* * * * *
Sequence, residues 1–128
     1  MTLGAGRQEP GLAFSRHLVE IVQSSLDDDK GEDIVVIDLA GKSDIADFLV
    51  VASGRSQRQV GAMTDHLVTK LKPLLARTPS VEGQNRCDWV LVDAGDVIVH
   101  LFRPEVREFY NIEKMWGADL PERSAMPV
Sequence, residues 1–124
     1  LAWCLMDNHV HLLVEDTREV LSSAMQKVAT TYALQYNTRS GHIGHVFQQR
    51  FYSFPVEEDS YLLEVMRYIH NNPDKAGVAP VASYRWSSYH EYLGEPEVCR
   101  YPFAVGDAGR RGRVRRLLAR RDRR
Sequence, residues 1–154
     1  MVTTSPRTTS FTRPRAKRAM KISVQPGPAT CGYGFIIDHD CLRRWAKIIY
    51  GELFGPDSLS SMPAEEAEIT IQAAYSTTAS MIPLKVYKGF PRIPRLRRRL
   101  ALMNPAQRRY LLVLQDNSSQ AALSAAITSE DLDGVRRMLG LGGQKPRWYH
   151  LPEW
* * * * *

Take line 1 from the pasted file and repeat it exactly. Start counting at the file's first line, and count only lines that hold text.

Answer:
Sequence, residues 1–128